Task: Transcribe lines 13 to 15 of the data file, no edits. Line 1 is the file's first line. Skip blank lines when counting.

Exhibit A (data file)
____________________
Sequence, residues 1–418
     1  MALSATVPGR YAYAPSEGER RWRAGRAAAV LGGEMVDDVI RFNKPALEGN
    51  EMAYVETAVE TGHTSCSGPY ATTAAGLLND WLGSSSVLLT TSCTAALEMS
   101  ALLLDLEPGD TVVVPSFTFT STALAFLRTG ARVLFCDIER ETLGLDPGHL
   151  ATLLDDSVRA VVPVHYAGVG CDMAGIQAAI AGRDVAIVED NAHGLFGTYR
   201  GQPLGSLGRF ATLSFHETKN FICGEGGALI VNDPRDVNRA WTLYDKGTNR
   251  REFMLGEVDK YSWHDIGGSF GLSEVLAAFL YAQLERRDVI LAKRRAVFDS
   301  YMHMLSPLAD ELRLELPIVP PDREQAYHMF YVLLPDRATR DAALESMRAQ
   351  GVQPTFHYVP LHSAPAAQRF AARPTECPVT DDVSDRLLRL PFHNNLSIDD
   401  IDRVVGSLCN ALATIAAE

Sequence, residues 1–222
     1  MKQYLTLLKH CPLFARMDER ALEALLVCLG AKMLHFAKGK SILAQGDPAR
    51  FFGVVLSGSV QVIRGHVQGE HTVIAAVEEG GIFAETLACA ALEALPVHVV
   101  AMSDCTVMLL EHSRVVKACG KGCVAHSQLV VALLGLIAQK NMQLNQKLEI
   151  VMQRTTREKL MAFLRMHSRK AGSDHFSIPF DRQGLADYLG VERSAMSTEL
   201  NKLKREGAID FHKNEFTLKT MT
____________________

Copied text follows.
    51  FFGVVLSGSV QVIRGHVQGE HTVIAAVEEG GIFAETLACA ALEALPVHVV
   101  AMSDCTVMLL EHSRVVKACG KGCVAHSQLV VALLGLIAQK NMQLNQKLEI
   151  VMQRTTREKL MAFLRMHSRK AGSDHFSIPF DRQGLADYLG VERSAMSTEL